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Popular Science Monthly/Volume 7/October 1875/Earthquakes and their Causes

EARTHQUAKES AND THEIR CAUSES.
By JOHN J. LAKE.

THE origin of earthquakes has been assigned to many causes, as the falling in of caverns, steam, the combustion of gases, volcanic and electric action. Their most prominent and peculiar features are the following:

1. Great subterranean noises and reports resembling thunder. These occur more or less during all earthquakes. Father Kircher describes them as "a horrid sound resembling that of an infinite number of chariots driven fiercely forward, the wheels rattling, and the thongs of the whips cracking;" Sir Hans Sloane, in Jamaica, as "a hollow rumbling noise almost like that of thunder." At Colares, near Lisbon, in 1755, during the great earthquake, the sound is said to have been "like that of chariots, which increased till it equaled that of the roar of cannon;" and at Lisbon, "a rattling as of coaches in the street, with a frightful noise underground resembling the rumbling of distant thunder." At Madeira the same earthquake was preceded "by rumbling noises in the air like that of empty carriages, which died away like a peal of distant thunder," On the 16th of September, 1849, there was an earthquake at Burra-Burra, in South Australia, where the noise is said to have resembled the rolling of heavy carriages. The shock was followed by a flash of lightning that illumined the whole atmosphere.

2. Another feature of these phenomena is the upheaval of the ground observed during the prevalence of most earthquakes, which is one cause of the sea retiring, another being the suction of the approaching wave when the centre of the convulsion has been removed from the shore. During the great earthquake at Lisbon the bar at the mouth of the Tagus was laid bare by the upheaval, and the master of a vessel, lying in that river at the time, stated that his large anchor was thrown up from the bottom, and seemed to swim on the surface of the water. Other results of the upward movement during this catastrophe were observed elsewhere. The water in a pond at Dunstal, in Suffolk, was jerked up into the form of a pyramid. At some places the water was tossed out of the wells. At Loch Lomond a large stone was forced out of the water. Rocks were raised into the air from the bottom of the Atlantic, and on board a vessel, about forty leagues from the island of St. Vincent in the West Indies, the anchors, which were lashed, bounced up, and the sailors thrown a foot and a half perpendicular from the deck, the ship sinking into the water immediately afterward as low as the main-chains. At Riobamba, in South America, on the 5th of January, 1797, the bodies of many of the inhabitants were thrown, by this vertical action, upon the hill of La Cullca, which is several hundred feet high, and on the opposite side of the river. During some of these convulsions in Italy, paving-stones have been tossed into the air and found with their lower sides uppermost; and, at the time of a late convulsion in South America, the rising of the ground caused the sea to retire, which returned like a wall in appearance, carrying before it inland vessels that had only a few minutes before been left dry, towns and people being overwhelmed by the resistless recoil.

3. Another peculiarity to be noticed in these convulsions is the frequent horizontal and circular motion of the soil. These effects are often very curious, and, in countries much subject to such catastrophes in their severest forms, have often given rise to lawsuits. Walls that had served to divide fields have been completely changed in direction, but without having been shattered or overthrown. Straight and parallel rows of trees have been inflected, and fields and portions of fields have changed places. Houses have also exchanged situations with each other.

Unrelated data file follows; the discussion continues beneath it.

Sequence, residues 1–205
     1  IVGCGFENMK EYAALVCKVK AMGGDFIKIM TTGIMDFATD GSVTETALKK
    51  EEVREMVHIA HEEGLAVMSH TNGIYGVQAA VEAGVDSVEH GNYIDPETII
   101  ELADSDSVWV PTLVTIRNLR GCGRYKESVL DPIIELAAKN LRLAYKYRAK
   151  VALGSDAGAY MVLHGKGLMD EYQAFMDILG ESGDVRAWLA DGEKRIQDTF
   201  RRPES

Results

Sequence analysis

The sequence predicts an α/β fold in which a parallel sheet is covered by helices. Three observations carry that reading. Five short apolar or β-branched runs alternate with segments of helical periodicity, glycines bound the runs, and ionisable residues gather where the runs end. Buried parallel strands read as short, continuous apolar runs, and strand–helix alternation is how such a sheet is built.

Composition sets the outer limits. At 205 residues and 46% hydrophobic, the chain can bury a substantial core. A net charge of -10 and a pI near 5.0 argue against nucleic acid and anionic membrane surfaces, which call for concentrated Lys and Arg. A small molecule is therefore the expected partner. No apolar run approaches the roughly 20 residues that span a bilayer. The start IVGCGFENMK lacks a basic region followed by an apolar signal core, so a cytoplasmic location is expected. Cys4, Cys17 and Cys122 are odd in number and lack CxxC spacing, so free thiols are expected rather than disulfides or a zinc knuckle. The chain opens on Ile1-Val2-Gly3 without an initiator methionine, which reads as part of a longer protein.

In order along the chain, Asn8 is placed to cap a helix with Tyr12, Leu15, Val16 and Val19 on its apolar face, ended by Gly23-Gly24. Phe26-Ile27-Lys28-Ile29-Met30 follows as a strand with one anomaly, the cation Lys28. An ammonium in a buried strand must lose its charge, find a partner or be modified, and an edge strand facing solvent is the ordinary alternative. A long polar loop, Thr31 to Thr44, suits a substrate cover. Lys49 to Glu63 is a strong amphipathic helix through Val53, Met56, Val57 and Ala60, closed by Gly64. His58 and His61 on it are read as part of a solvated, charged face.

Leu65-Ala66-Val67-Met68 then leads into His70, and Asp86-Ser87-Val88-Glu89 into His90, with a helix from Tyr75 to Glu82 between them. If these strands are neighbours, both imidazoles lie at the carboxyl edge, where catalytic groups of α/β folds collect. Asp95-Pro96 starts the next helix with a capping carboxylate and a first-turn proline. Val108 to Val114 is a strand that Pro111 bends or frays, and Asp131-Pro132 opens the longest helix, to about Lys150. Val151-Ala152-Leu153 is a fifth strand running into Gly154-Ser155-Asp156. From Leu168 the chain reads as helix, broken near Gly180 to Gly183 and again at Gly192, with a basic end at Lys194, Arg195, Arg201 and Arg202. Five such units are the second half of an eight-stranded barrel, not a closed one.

4. It has been observed that clouds have become fixed or suspended over particular spots affected, or about to be affected, by earthquake, as in London, in 1749, in Calabria, in 1783; and it is more than probable that the fog that enveloped Euphemia, in Sicily, in 1638, Millitello in 1693, and other places when they were destroyed, arose from the operation of one cause.

5. Explosions of great violence frequently attend these convulsions, often with disastrous results. When Millitello was destroyed, there was a great explosion heard in the fog that enveloped it; traces were noticed afterward as of the presence of fire on the rocks in the neighborhood, and the vines in the country surrounding it appeared as though they had been seared by fire. A similar explosion was heard in 1783 at Castel Nuovo, in Calabria, when that place was overwhelmed.

6. A further peculiarity is the exemption of certain spots, although the shocks were felt in all the surrounding neighborhood. Thus, at Manchester, in 1777, St. Paul's Church and the Dissenting Chapel escaped. Both of these were low buildings without steeples, and the church situated over a common sewer; but other more lofty buildings, especially those with metal pipes attached, felt the shocks severely. At Blockley the shocks were experienced strongly at the church, but very slightly at the chapel about 300 yards distant, and the latter was constructed without water-pipes.

7. Earthquakes are very frequently attended by thunder and lightning. At Munster, in 1612, thunder and lightning were heavy during an earthquake; and in Sicily, in 1693, it caused very great mischief. This conjunction of lightning with earthquake was noticed by Luke Howard, and constitutes what he designates "spurious earthquake." One of the cases he mentions occured in Radnorshire: "At Knill Court the oscillation of the house was plainly perceptible, and felt by all the family, and that, too, in several apartments, and was accompanied by a peculiar rumbling noise. At Harpton, a severe storm of thunder and lightning was experienced the same night and at the same time."